NASA engineer quits over animal experiment

NASA engineer quits over animal experiment

NASA engineer quits over animal experiment

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by Hayley Kappes / The Daily News

khou.com

Posted on September 12, 2010 at 1:34 PM

Updated Sunday, Sep 12 at 1:37 PM

JOHNSON SPACE CENTER — April Evans wrestled for weeks whether to quit her dream job working for NASA’s operations with the International Space Station.

She concluded in March there was no other option but to resign after learning the space agency proposed a $1.75 million experiment to irradiate 18 squirrel monkeys to determine astronauts’ ability to withstand high levels of continuous radiation in deep space.

In late January, Evans overheard co-workers complaining about traffic delays from a People for the Ethical Treatment of Animals protest at Bay Area Boulevard and Space Center Boulevard.

She called a friend who worked near the protest to get more information.

"I thought it had to be untrue," Evans said. "I was horrified."

Evans had worked for nine years on assembly operations and visiting vehicle operations to the space station.

After filing complaints with her bosses went nowhere, Evans said she couldn’t work for NASA knowing the agency was supporting experiments that, in her opinion, were unnecessary.

The experiment is under review, and there’s a chance it might not happen, Michael Braukus, a NASA spokesman, said.

The experiment will test radiation sickness medications for astronauts who would face up to three years of continuous cosmic radiation exposure on deep-space missions to Mars or asteroids.

"The experiment will find out exactly what are the harmful effects," Braukus said. "The experiment will be a part of the solution in helping determine how to mitigate long-term cosmic radiation exposure."

The experiment results wouldn’t apply to astronauts, Evans said. Scientists will administer the monkeys with one large dose of radiation, which will produce different results than prolonged exposure, she said.

Evans’ disagreement with the experiment became fueled by her opinion of a faulty space policy.

In preparing for deep space exploration, NASA should spend money on development for space hardware that shields radiation from entering a vehicle, instead of treating the effects of radiation, she said.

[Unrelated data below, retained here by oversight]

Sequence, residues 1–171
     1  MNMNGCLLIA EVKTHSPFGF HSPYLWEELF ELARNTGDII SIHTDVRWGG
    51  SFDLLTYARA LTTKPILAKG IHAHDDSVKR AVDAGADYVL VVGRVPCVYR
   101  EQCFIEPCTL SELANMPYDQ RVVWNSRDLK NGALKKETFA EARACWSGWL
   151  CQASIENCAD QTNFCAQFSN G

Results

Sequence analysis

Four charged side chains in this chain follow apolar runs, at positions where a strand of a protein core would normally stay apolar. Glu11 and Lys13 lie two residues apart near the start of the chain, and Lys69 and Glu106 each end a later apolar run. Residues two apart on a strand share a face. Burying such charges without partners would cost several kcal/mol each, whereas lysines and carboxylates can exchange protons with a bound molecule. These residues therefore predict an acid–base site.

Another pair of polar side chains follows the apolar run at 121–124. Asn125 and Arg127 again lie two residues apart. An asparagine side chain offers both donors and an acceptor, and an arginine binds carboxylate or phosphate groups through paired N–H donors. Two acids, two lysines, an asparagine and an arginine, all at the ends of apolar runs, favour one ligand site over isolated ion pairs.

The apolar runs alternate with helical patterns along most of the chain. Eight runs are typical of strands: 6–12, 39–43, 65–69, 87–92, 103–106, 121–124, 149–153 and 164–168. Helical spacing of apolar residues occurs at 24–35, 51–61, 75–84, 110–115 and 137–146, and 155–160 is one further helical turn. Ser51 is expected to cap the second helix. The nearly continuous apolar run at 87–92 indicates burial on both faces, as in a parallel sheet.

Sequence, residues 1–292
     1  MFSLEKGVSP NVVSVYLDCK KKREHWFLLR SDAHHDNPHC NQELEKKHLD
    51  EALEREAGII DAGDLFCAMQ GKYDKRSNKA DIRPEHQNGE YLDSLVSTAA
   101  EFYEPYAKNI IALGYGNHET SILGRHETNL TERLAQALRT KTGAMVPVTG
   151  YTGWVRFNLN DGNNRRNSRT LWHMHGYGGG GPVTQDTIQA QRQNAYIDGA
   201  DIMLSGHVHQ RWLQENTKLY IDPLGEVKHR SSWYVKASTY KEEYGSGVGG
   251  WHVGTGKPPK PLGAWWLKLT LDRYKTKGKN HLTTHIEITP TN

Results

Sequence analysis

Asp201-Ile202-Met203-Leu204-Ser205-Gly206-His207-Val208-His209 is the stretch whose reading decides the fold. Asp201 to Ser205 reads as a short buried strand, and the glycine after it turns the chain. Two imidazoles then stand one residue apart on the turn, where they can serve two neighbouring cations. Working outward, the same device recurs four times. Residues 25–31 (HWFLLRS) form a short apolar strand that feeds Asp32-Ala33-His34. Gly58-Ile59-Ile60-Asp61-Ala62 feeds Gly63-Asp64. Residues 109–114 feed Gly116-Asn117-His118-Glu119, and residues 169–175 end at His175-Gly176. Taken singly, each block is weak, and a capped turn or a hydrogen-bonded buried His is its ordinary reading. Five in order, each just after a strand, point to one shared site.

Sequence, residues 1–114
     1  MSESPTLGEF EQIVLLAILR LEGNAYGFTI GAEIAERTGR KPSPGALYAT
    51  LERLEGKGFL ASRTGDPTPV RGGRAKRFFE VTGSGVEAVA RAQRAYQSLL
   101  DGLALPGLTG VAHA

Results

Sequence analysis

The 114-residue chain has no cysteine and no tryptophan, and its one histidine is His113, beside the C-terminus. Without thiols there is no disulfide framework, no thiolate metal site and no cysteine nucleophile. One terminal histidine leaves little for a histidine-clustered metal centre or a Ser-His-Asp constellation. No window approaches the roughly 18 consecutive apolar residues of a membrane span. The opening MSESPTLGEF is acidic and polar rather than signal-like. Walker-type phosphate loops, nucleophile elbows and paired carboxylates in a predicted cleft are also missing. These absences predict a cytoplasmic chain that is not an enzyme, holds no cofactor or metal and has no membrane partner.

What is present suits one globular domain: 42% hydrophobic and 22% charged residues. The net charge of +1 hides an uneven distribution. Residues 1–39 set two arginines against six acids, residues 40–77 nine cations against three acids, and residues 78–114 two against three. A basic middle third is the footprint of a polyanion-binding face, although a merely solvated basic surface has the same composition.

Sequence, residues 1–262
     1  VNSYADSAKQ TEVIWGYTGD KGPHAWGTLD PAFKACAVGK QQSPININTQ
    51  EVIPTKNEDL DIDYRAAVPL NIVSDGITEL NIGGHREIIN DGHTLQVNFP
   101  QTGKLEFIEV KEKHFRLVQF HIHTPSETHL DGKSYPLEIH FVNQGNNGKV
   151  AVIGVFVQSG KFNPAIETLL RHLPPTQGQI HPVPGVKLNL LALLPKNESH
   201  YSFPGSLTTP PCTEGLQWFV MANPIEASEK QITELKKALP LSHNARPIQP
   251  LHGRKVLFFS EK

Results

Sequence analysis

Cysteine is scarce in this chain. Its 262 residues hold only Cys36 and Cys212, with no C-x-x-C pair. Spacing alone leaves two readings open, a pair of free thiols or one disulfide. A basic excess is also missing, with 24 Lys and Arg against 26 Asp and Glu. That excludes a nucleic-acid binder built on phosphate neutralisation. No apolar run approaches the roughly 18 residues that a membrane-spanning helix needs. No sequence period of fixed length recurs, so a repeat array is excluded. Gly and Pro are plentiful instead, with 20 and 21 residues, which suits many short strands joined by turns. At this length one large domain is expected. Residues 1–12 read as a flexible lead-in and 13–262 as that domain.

Evans supported President Barack Obama’s NASA budget plan, which drew ire from politicians from states with major space centers who feared thousands of job losses.

The Senate and House approved separate bills that call for scaling back Obama’s plan that relied on commercial vehicles to take astronauts to the space station while NASA focused on deep-space travel technology. The European Space Agency has rejected the use of primates in any experiments, Jean-Jacques Dordain, acting director general of agency wrote in a letter to Animal Defenders International.

"ESA declines any interest in monkey research and does not consider any need or use for such results," Dordain’s letter stated.

PETA has sponsored protests at every space center in the country against the proposed experiment.

Evans’ resignation emphasizes how misguided the experiment proposal is, Justin Goodman, associate director of laboratory investigations with PETA, said.

PETA in June placed a billboard ad on Interstate 45 about a mile north of Loop 610 in Houston that depicted a blood-splattered NASA logo with the words, "Take a giant leap for mankind. Stop torturing monkeys."

"NASA hasn’t provided data that the results will be applicable to humans," Goodman said. "The monkeys will be locked in a lab for rest of their lives, go blind and develop cancer. It’s cruel and won’t provide reliable information on the effects of space radiation on astronauts."

Evans is quick, however, to distance herself from what she called PETA’s "spectacle tactics."

"My dad has a hunting lease in East Texas," she said. "I hunted and fished growing up. I’m a meat-eater. I’m just against unnecessary animal testing on intelligent life."

Evans is now living with her mom in Manvel and hopes to have a job by December.

With a passion for aerospace engineering, Evans can’t imagine working outside the space industry.

She will meet with members of Congress in Washington to discuss her stances on the experiments and U.S. space policy.

Evans said she hopes to one day return to work for NASA if the agency focuses more on developing and researching technology for deep-space exploration.

"Space exploration is hurting by politicians masking the issue with the job losses," she said. "Reviving parts of Constellation are stopping that technology for deeper space from being developed."

This story was brought to you through khou.com’s partnership with the Galveston County Daily News.

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